Joint media release with New South Wales Minister for Energy and Environment Minister Matt Kean
The Morrison and Berejiklian governments are backing a trial project that will look at transforming an old coal mine into a source of reliable renewable energy to power households and businesses across New South Wales.
Centennial Coal will investigate the feasibility of turning its underground coal mine at Lake Macquarie into a pumped hydro energy site.
If found to be feasible, the site could supply an additional 600 megawatts of energy to the grid, helping to keep the lights on across New South Wales.
The Lake Macquarie site has a number of existing features that would lower the cost of repurposing the facility for pumped hydro, including a reservoir, a grid connection and available water sources.
If the trial is successful, it could lead to the repurposing of other retired sites, giving them a second life as clean and dispatchable sources of renewable energy and providing ongoing jobs for regional communities.
Minister for Energy and Emissions Reduction Angus Taylor said the trial will help determine if end-of-life coal facilities can be repurposed to continue contributing to Australia’s energy mix.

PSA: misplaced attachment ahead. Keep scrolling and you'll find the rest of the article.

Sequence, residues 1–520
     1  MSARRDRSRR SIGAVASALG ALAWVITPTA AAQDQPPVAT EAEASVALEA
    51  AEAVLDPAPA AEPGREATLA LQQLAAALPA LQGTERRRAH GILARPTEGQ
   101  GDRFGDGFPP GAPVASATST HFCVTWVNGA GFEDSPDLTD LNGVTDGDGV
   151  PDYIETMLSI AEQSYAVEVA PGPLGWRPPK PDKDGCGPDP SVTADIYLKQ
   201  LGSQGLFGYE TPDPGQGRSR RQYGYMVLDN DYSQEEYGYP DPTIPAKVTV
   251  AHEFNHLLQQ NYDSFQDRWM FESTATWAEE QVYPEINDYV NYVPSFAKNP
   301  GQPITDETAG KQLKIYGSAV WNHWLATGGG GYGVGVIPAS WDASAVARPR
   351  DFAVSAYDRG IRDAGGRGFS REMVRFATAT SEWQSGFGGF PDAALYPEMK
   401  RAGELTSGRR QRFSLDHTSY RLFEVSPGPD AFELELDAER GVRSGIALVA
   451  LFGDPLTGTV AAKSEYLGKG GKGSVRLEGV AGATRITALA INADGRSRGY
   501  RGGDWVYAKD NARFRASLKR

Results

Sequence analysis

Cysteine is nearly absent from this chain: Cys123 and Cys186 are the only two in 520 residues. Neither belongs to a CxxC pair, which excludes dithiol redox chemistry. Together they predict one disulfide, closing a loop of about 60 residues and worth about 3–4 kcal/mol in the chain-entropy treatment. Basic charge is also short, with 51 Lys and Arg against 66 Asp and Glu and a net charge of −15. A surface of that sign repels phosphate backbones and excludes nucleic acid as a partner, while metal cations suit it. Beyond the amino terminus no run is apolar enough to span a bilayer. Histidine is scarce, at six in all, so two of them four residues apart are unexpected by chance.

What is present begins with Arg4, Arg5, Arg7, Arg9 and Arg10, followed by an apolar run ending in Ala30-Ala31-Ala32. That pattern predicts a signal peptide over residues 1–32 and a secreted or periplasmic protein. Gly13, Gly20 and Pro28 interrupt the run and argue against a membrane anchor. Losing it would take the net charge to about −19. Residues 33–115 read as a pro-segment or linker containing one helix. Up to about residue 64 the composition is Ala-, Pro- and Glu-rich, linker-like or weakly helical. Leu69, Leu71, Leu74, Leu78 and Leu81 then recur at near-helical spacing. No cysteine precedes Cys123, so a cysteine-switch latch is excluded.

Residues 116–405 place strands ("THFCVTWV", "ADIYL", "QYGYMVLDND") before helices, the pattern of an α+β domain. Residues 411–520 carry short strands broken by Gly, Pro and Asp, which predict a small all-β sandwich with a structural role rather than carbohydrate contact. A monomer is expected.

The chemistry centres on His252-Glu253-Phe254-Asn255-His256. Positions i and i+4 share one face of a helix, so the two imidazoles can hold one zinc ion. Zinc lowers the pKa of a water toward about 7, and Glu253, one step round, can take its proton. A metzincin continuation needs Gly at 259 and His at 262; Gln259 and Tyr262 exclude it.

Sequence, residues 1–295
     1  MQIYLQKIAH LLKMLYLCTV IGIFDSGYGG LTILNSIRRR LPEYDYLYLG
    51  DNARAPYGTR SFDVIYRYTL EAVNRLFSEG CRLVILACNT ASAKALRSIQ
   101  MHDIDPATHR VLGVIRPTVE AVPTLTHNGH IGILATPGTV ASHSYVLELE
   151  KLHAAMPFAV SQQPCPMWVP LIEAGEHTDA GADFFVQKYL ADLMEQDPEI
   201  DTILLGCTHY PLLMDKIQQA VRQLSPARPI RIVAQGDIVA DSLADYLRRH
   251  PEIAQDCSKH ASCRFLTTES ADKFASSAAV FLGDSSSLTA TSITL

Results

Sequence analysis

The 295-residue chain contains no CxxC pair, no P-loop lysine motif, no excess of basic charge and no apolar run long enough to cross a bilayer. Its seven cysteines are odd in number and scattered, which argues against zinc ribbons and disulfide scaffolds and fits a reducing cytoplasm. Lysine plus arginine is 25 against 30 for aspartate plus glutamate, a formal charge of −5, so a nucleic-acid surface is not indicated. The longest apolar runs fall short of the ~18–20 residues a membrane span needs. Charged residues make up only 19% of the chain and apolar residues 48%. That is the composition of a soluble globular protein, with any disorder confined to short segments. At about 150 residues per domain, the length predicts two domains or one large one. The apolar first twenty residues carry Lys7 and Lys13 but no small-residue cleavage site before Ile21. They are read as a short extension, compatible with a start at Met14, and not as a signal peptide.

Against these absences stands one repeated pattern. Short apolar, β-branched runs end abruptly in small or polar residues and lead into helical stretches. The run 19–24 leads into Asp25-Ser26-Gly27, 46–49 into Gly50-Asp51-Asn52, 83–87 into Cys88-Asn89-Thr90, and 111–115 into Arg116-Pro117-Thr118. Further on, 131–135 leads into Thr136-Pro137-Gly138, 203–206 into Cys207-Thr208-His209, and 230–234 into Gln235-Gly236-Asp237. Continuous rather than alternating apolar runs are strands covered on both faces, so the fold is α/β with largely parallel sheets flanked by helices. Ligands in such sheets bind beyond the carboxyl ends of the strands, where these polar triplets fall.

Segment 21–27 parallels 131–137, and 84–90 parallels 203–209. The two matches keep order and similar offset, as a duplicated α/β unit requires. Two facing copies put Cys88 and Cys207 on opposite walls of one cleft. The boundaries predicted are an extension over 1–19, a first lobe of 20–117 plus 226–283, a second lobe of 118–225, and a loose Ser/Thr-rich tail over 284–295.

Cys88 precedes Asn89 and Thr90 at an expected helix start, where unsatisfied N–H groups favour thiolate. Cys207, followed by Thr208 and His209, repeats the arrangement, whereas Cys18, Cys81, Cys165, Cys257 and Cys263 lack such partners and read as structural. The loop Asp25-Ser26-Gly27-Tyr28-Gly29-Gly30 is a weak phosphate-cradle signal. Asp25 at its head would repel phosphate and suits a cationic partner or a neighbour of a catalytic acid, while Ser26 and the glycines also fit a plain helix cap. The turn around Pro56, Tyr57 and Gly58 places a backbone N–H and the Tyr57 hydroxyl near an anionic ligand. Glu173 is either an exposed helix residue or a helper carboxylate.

“The Government is focused on getting the best energy outcomes for Australian households and businesses, and this requires new dispatchable sources of generation like gas and pumped hydro to complement intermittent renewables,” Minster Taylor said.
“This study will give us a better understanding of the commercial advantages that underground pumped hydro energy storage provides.
“By repurposing old sites and taking advantage of the features at those facilities, we can bring more clean energy projects online that bring down emissions and deliver the secure and reliable power Australians need.”
New South Wales Energy and Environment Minister Matt Kean said supporting long-duration storage projects like pumped hydro is a key part of the NSW Government’s recently announced Electricity Infrastructure Roadmap.
“Pumped hydro is not only a great source of cheap, reliable electricity, it is a huge creator of construction jobs and investment for host communities and the broader economy,” Mr Kean said.
“This project could change the way we rehabilitate retired mine sites – breathing new life into existing infrastructure links and supporting existing workforces and local economies to continue their contribution to our energy mix.”
The Federal Government is providing $995,000 through the Australian Renewable Energy Agency, and the New South Wales Government is injecting $4.1 million through the Emerging Energy Program to support the $13 million trial.
The project could create up to 1,000 jobs during the construction phase, as well as ongoing employment opportunities for locals.